Those questions are complicated by the country’s apparent eagerness to retain influence in the West. It is increasingly underwriting Qatari outposts of Western universities and think tanks, including Georgetown University and the Brookings Institution, to help inform Western views about the region’s future and Qatar’s role in it.
Among some observers, the overarching questions about Qatar, as one senior Arab diplomat put it, is this: What, exactly, does it represent?
“I think that is part of the conundrum that is Qatar,” said the diplomat, who spoke on the condition of anonymity but whose government maintains close ties with the Persian Gulf country.
Officials at the Qatari Embassy in Washington and the Qatari mission to the United Nations did not make themselves available for interviews for this article.
In the past, Qatari officials have taken pride in their country’s growing role on the world stage.
Since deposing his father in a bloodless coup in 1995, the country’s emir, Sheik Hamad Bin Khalifa al-Thani, has transformed its capital, Doha, from a dusty Persian Gulf backwater into the undisputed intellectual and diplomatic capital of the Middle East. Slightly smaller than Connecticut and with a population of about 2 million, the country is home to now-global institutions, including the television network al-Jazeera.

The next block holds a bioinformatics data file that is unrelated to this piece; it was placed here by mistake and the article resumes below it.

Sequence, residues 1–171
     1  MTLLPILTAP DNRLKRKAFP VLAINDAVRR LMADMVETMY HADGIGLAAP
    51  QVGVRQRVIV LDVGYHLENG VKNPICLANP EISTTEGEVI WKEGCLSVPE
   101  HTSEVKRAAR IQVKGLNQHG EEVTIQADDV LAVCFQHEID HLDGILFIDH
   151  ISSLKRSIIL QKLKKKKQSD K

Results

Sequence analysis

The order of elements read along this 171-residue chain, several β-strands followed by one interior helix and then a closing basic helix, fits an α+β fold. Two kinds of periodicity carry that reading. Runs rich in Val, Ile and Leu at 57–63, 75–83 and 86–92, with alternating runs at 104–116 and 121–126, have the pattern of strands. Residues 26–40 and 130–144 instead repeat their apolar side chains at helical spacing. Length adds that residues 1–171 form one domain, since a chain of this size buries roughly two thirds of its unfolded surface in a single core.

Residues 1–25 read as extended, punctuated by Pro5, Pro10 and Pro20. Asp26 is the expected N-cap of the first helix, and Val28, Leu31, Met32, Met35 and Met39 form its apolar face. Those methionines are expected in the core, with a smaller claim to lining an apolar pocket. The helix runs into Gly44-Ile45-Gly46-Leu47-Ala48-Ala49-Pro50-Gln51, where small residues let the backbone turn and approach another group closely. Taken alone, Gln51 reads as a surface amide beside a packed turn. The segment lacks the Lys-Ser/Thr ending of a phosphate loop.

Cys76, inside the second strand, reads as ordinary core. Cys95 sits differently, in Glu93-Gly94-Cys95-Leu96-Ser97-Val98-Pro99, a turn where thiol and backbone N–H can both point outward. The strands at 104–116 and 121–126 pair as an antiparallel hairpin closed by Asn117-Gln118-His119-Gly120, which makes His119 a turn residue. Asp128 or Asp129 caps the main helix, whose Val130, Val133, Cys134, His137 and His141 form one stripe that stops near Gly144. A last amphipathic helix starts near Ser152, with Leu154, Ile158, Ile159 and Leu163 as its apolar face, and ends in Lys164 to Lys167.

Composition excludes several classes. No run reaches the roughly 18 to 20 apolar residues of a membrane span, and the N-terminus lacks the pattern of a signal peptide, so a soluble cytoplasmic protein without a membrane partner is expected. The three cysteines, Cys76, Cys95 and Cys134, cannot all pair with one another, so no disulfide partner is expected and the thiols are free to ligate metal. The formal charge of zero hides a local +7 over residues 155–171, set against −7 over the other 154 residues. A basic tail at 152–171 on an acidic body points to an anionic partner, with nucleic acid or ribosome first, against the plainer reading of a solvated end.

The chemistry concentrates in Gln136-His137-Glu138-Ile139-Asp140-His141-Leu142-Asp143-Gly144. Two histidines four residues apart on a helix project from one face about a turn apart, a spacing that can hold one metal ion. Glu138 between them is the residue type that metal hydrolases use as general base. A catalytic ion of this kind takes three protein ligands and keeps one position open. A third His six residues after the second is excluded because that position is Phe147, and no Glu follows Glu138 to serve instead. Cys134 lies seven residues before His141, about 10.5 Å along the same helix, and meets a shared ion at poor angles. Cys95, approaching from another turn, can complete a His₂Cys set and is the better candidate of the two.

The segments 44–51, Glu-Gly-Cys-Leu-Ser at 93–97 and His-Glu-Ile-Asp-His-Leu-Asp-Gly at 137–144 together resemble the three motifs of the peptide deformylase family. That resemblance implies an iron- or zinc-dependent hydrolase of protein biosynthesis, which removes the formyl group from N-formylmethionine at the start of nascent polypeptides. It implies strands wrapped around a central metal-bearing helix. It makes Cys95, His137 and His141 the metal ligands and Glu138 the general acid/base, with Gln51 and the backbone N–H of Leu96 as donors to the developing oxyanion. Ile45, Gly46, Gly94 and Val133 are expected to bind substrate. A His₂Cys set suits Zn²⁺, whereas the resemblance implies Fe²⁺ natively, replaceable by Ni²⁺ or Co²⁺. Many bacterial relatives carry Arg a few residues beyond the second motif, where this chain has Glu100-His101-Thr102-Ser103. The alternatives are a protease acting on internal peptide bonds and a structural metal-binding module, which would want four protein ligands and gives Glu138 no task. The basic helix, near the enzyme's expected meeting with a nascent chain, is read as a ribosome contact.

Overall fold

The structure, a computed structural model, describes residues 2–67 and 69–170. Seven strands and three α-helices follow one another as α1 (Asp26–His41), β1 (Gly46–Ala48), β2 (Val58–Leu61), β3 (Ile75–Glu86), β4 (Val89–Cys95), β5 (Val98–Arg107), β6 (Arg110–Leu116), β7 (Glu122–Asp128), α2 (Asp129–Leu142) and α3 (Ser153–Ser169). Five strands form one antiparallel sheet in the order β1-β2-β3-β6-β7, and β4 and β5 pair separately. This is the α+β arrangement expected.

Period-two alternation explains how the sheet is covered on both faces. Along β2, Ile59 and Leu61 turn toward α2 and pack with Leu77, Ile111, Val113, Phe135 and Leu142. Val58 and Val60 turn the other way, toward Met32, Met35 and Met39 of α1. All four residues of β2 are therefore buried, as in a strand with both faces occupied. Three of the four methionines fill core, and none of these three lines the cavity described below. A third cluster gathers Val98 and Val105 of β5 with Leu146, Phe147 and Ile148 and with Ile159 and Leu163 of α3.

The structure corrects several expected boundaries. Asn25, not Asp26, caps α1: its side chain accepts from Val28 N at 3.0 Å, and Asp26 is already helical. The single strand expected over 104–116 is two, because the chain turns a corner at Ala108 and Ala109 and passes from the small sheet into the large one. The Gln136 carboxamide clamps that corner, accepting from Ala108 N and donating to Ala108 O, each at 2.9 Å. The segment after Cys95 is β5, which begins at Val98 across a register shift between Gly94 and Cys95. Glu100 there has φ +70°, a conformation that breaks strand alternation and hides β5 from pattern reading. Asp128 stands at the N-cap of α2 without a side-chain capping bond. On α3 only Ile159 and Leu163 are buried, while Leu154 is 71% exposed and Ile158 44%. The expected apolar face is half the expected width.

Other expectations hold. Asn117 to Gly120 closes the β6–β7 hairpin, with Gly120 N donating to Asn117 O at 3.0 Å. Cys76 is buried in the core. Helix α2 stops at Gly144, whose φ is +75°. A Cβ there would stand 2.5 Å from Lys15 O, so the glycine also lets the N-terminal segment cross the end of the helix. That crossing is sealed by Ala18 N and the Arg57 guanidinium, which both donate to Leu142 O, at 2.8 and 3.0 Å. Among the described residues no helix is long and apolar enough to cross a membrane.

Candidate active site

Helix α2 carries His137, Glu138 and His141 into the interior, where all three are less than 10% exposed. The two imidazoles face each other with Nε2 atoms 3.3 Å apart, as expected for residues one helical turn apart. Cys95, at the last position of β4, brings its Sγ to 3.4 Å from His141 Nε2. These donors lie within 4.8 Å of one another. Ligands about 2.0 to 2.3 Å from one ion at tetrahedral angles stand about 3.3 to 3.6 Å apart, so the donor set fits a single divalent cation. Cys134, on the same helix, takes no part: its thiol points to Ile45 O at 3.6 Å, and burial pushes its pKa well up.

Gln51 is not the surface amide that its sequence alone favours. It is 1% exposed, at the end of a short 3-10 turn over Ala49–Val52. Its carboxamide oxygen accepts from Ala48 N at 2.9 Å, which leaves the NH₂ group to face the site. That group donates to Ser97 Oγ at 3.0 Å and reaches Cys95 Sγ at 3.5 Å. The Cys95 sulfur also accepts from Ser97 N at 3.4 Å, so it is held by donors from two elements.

Among other benefits, analysts say, Qatar’s growing clout and its alliance with the United States have won it diplomatic leeway from Washington.
When Turkey’s prime minister announced plans to visit the Gaza Strip recently, American officials made clear they opposed any engagement with Hamas, the Palestinian group that controls the strip. When Qatar’s emir visited Gaza last month, pledging hundreds of millions in reconstruction aid, the State Department was understanding.
“The Qataris have described this as a humanitarian mission,” spokeswoman Victoria Nuland said. “We share Qatar’s deep concern for the welfare of the Palestinian people, including those residing in Gaza.”
Qatar has long sought to cultivate a reputation as a country interested in serving the public good. As part of that effort, the country’s foreign minister, Sheik Hamad Bin Jasim al-Thani, has combined deep pockets, extensive business investments and a vast conference center in Doha into a high-charged mediation juggernaut.